Rishikesh, the place where the holy Ganga river descends from the Himalayas and finally enters the plains, is popular with a whole lot of people looking for a whole lot of different things. They all may find a bit of what they are looking for and something extra too.
There are pilgrims here coming for the temples, ritual bathing, religious atmosphere and carrying back home some of the holy Ganga water. The town is full of temples and bathing ghats. But Haridwar, around 40 kilometres downstream from Rishikesh, is considered religiously and ritually more important.
Then you have the foreign backpacker visitors, looking for spirituality, yoga, culture and the Beatles. Yes, the place was popularized by the staying of Beatles for a few weeks at the top of their popularity. Even though it is still debatable whether the Beatles found what they were looking for in Rishikesh or what they were promised, but still many come here from the western world and Japan too, seeking the Beatles’ spirit. The place is brimming with ashramas and centres offering yoga and meditation classes.
The third major lot is the young and not so young corporate crowd or middle class urban populous, who come here seeking weekend highs through river rafting and camping on the river beach. On weekends, especially during the summer months, they totally take over the scene here. They can be brash, noisy and loud, with little regard for the natural, scenic, ritual, cultural, spiritual or religious spirit of the place. All they want is their weekend fun, which in short means beer drinking and rafting.
Rishikesh is basically a one street town. There is one main road which comes from Delhi, goes past the middle of the town and then starts climbing a winding mountain path on way to Srinagar, all the Prayags and ends up little beyond Badrinath in Mana Village. The road, all the while, runs along the Ganga and after Devprayag, the Alaknanda, till Badrinath (a distance of 297 km). If you are coming from Delhi on this road, then all the Ghats (such as Triveni ghat) on the Ganga and the famous suspension bridges, Ram Jhula and Lakshman Jhula, would be on your right. The other side of the Ganga, where much of the action is located, can be accessed easily on foot, crossing the Ram Jhula or Lakshman Jhula. Though you can drive to the other side too, but for that, you have to drive beyond Lakshman Jhula for a couple of kilometres where you will find a bridge to your right.
Lakshman Jhula area
Lakshman Jhula is on a higher bank on the main road, about two kilometres from Ram Jhula. This is the older part of Rishikesh. It has a different feel as compared to the Ram Jhula area. Lakshman Jhula area is favoured more by the foreign tourists of the backpacker variety. As a result, you will come across a number of cool cafes and restaurants with the 70’s music playing, graffiti on the walls and many yoga centres. I feel this area is more atmospheric and has an easy-going feel to it.
To reach the Lakshman Jhula bridge and the river from the main road, one has to walk down, either on a downward road or a stepped path. Both the walks are lined with restaurants and shops selling knick-knacks. Some of the restaurants have great river views. On a high perch above the Lakshman Jhula is the German bakery (Devraj Coffee Corner), the place with one of the best views. This area has many little joints selling continental food (pasta, muesli with fruits, pancakes, cakes) along with dhabas selling Indian food as well. While crossing the river using Lakshman Jhula, keep a lookout for monkeys. They are quite dextrous when it comes robbing you of anything you are carrying in your hands, especially food packets of any kind.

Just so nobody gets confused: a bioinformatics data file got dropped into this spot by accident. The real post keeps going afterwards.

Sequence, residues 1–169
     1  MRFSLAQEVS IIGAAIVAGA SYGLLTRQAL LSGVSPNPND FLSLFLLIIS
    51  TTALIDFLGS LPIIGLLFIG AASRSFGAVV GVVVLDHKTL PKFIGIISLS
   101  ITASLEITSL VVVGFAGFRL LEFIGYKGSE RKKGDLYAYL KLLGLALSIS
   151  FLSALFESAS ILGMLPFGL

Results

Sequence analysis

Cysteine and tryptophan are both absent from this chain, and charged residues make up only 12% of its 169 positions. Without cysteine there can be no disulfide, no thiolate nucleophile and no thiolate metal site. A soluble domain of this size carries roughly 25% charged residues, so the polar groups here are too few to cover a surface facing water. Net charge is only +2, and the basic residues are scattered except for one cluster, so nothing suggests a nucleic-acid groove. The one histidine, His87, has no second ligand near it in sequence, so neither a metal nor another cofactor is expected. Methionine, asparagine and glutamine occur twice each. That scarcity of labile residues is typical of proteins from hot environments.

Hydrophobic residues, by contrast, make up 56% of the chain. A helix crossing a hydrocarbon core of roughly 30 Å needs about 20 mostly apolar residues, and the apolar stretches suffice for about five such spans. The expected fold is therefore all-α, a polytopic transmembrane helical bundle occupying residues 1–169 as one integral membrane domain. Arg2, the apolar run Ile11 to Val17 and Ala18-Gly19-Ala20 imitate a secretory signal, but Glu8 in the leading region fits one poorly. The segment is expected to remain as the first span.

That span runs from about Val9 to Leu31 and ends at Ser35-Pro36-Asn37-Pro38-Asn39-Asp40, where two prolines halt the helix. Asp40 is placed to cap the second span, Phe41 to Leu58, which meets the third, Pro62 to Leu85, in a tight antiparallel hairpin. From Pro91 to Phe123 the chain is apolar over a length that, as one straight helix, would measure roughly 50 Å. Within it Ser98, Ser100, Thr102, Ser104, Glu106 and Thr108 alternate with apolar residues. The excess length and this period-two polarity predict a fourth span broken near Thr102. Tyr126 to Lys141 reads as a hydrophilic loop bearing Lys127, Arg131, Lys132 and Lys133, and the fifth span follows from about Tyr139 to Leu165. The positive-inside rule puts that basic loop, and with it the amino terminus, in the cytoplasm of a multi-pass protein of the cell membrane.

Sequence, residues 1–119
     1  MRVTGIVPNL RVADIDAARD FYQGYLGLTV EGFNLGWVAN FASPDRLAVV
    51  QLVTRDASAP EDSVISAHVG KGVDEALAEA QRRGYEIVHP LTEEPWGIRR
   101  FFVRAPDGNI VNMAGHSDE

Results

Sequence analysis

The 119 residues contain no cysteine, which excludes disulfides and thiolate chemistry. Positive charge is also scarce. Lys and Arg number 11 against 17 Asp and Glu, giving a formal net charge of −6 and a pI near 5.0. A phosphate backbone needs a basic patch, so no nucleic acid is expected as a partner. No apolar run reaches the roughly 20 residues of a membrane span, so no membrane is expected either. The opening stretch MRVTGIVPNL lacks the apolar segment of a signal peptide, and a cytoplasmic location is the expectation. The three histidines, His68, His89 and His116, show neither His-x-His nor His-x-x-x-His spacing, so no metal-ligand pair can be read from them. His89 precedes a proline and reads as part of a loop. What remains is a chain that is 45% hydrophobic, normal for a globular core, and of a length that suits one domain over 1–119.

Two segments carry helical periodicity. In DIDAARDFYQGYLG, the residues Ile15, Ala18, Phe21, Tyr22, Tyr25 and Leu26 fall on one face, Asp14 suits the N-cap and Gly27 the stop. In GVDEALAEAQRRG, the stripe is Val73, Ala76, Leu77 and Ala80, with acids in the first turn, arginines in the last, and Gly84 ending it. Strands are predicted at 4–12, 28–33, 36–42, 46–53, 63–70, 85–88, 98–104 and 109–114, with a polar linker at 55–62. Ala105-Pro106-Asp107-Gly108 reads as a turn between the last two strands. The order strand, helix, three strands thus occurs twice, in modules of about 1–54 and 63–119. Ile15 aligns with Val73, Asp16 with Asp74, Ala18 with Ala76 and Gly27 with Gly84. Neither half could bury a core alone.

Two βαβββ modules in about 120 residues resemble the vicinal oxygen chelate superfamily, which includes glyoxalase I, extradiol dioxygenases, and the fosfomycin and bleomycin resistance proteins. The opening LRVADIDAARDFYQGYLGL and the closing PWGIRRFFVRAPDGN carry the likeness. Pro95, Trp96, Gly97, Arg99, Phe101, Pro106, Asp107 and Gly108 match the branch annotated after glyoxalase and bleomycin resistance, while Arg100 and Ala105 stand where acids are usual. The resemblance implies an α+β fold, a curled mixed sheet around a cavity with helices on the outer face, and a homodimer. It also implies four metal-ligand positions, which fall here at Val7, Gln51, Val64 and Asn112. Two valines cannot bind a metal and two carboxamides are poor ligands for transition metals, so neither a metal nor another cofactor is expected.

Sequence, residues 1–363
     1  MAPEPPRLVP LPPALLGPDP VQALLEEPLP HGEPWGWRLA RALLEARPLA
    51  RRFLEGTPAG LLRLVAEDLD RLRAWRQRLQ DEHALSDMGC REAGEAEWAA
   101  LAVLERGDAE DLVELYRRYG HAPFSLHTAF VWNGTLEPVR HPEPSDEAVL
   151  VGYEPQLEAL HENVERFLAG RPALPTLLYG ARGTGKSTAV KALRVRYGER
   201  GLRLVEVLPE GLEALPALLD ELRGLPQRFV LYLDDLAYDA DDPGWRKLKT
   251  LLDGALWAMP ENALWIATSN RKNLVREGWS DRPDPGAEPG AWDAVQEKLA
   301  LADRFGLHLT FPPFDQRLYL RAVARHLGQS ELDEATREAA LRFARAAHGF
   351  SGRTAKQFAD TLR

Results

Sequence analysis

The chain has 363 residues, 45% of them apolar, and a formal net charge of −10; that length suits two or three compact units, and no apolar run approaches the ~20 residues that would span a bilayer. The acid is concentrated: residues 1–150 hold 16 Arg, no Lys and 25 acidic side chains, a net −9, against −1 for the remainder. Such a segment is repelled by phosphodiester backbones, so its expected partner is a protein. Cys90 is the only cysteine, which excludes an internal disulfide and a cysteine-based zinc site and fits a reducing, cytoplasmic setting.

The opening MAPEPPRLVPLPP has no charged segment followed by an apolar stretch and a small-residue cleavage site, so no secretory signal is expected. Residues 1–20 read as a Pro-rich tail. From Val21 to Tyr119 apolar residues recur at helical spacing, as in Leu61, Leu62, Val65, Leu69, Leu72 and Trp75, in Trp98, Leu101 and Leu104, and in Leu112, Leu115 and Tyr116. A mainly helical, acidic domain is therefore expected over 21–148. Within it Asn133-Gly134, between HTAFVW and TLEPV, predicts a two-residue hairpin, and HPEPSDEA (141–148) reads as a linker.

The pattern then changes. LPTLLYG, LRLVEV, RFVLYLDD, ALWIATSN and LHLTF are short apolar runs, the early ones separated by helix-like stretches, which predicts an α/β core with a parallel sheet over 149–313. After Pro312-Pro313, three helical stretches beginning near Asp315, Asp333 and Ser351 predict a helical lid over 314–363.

Ram Jhula area
Ram Jhula bridge is bigger than Lakshman Jhula and the area here is also much more crowded and noisy. Across the Jhula, take a right turn going through the narrow bazaar. This area is called Swarg Ashram, and after five minutes walk, you will reach the place called, Parmarth Niketan Ashram, that has the biggest Ganga arti (every evening river worship) scene. The whole spectacle is grand and definitely spruced up to make it attractive to tourists. Still, it is a good idea to attend one of these evening arti sessions.
Ram Jhula bridge is bigger than Lakshman Jhula and the area here is also much more crowded and noisy. Across the Jhula, take a right turn going through the narrow bazaar. This area is called Swarg Ashram, and after five minutes walk, you will reach the place called, Parmarth Niketan Ashram, that has the biggest Ganga arti (every evening river worship) scene. The whole spectacle is grand and definitely spruced up to make it attractive to tourists. Still, it is a good idea to attend one of these evening artisessions.
But do take out time to visit some other quieter ghats(stepped approach to the river) along the same stretch of river. Here you can sit and absorb and observe the evening goings on. You can also offer your own prayer to the river goddess by floating a bowl made of leaves with light and flowers in it. Many people offer prayers this way to the river goddess and watching all these small lighted boats flowing along the river current is a magical sight. This area has many popular and big Indian food restaurants, such as Chotiwala. There are three Chotiwala outlets here frequented by Indian tourists, though I did not like their preparations much.